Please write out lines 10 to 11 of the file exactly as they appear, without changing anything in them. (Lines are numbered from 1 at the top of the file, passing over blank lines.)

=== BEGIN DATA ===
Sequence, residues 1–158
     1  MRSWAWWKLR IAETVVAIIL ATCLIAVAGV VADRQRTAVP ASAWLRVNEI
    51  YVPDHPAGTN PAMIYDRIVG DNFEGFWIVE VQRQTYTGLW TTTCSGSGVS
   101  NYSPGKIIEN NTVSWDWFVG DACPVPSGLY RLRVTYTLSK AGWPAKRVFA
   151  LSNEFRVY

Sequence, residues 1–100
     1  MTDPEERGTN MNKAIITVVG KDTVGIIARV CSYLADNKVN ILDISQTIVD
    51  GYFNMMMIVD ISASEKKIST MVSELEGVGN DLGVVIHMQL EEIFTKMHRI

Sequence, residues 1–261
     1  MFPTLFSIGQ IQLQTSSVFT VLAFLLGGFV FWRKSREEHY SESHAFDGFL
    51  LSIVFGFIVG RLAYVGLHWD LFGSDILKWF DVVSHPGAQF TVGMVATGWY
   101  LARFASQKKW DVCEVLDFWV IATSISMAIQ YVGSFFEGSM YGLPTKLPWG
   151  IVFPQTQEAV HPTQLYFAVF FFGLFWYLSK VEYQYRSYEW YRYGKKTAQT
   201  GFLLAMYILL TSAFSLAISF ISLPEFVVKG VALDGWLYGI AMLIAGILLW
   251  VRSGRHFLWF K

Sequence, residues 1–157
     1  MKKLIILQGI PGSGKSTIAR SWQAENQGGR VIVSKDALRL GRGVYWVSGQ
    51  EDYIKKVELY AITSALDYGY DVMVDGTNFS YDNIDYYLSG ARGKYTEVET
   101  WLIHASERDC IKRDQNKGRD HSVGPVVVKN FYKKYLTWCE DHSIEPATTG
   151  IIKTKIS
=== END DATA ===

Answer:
     1  MFPTLFSIGQ IQLQTSSVFT VLAFLLGGFV FWRKSREEHY SESHAFDGFL
    51  LSIVFGFIVG RLAYVGLHWD LFGSDILKWF DVVSHPGAQF TVGMVATGWY